I Keep Seeing This Weakness In Rap Videos
Until recently, I ran a weekly column on the best videos coming out each week. I’ll watch anything from experimental noise bands to straight rock to rap, and I’ve got to tell you, rap and hip-hop are two places where the art of the music video is still reaching for greatness and failing.
First, let me say that I define a good video by how well it conveys the meaning of a song or tells a story visually while complementing the music.
Eminem’s “Sing for the Moment” is a good example of a great song and a terrible video. It’s essentially just him either rapping to the screen against a background or b-roll footage from his tour. You can sort of feel the power he’s trying to communicate in the lyrics, but there’s no movement or sense of progression, at all. Plus the fact that rap songs often land in the four-minute-plus range, and you’re left with a dragging short film that has a good beat but starts nowhere and ends there, too.
This is a recurring weakness in rap videos, especially ones from independent artists (and being from Houston, I see a lot of independent rappers with iMovie and not enough forethought). I get that rap is arguably the most personal music a vocalist can perform—subsequently, rappers are generally extremely passionate in their performance.
That works on stage, but it rarely works on the screen. Standing in front of a place you like and talking to the camera just doesn’t cut it. On stage you’re a giant; on YouTube you’re not. Even major acts phone in these weak, bland music videos, using them as self-promo instead of art—when they could be both.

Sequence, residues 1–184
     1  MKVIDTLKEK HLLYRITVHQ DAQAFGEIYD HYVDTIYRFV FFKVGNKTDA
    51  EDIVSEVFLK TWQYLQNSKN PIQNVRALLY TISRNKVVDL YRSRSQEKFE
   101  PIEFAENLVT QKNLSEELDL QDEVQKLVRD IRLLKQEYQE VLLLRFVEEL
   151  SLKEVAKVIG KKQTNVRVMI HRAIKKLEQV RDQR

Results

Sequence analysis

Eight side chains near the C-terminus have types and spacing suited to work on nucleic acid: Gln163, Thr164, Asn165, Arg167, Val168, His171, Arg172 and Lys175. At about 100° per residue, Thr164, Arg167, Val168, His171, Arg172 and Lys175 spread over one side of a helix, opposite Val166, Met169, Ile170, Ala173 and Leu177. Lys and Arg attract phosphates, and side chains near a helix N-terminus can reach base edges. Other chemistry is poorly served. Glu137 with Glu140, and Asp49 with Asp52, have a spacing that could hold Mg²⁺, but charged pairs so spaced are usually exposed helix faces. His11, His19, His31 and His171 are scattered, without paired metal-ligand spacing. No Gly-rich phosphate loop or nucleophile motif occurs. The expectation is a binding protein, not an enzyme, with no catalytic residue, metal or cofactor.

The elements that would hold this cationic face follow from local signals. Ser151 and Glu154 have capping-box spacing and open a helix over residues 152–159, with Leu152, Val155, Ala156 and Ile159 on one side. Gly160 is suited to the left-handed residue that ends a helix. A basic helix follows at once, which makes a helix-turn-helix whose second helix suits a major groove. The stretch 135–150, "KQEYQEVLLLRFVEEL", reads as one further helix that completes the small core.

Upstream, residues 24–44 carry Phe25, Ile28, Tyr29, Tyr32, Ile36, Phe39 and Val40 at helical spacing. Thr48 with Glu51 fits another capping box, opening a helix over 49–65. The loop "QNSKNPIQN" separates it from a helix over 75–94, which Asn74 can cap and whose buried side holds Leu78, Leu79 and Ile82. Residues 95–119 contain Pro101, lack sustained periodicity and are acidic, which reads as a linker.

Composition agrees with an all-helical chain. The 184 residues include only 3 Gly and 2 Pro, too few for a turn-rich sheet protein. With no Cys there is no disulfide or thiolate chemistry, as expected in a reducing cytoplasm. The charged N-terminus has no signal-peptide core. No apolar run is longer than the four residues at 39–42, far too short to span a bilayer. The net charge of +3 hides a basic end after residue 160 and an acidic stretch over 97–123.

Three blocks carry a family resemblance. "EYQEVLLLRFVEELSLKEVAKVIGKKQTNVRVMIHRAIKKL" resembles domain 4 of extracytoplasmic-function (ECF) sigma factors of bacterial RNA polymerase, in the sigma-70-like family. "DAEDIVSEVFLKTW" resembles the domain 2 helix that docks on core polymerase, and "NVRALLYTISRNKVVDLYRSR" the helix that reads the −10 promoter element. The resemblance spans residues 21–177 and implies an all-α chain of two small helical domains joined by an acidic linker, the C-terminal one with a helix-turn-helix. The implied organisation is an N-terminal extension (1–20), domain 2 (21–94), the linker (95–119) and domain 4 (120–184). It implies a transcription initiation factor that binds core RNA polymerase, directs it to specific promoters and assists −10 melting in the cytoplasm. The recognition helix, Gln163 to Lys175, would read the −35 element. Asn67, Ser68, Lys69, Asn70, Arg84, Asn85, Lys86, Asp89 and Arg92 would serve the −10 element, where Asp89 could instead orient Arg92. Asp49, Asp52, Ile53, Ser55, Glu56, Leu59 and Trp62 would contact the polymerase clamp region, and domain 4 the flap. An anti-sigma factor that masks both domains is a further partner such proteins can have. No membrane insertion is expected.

There are great rap videos. For my money, Jay Z and Kanye West’s “No Church in the Wild” not only contains the most poetic and socially important quatrain of lyrics written in the 21st century, but it’s one of the greatest videos ever. Essentially it’s just one long mob scene, but the way it builds from a standoff into a full-scale riot is compelling. We don’t have any concept of what’s inspired this demonstration and face-off with authority, only that everyone came expecting battle not words. That’s a brilliant juxtaposition from director Romain Gavras, who weaves shots of religious statues in and out of the fighting and fire. That’s how you make a rap video.
Or let’s go back to the pioneers of the ’90s. In 1996, Bone Thugs N Harmony created one of the great mainstream crossover songs with “Tha Crossroads.” Its meteoric rise up the charts is often compared to Whitney Houston’s “I Will Always Love You” and The Beatles’ “Can’t Buy Me Love.” That is good company to be in. At least part of its success can be attributed to its impossibly brilliant music video, which dominated MTV (back when that mattered). Dedicated to the late Eazy-E, it featured a mysterious man collecting the souls of the recently dead. Eventually the souls reach a mountain top where BTnH watch the man unveil his wings and lead their friends and family beyond their reach. It’s beautiful and sad. There’s very little catharsis in the video; more of an acceptance that life is hard and unfair and we just have to deal with it.
Now in both cases I realize that we’re talking about big budget acts that can afford to rent tanks and create CGI wings at a time when that was still considered magic. What is an independent artist to do to stand out from the crowd? Well, I’ve got some good news. You don’t need to be rich, just clever.
Clipping’s video “Get Up” is one of my favorite videos of 2014. Using a few colored lights and some fake blood, you tell a tale with a twist that you totally don’t see coming until it’s too late. It probably cost less than $100 to make, but it’s a kick in the chest. Partly it works because it is so simple; the difference is that “Get Up” gives us a reason to watch and listen to the words and look to what happens next. That’s the art of the rap video. You’ve got to tell a story in two ways, not just narrate at the audience.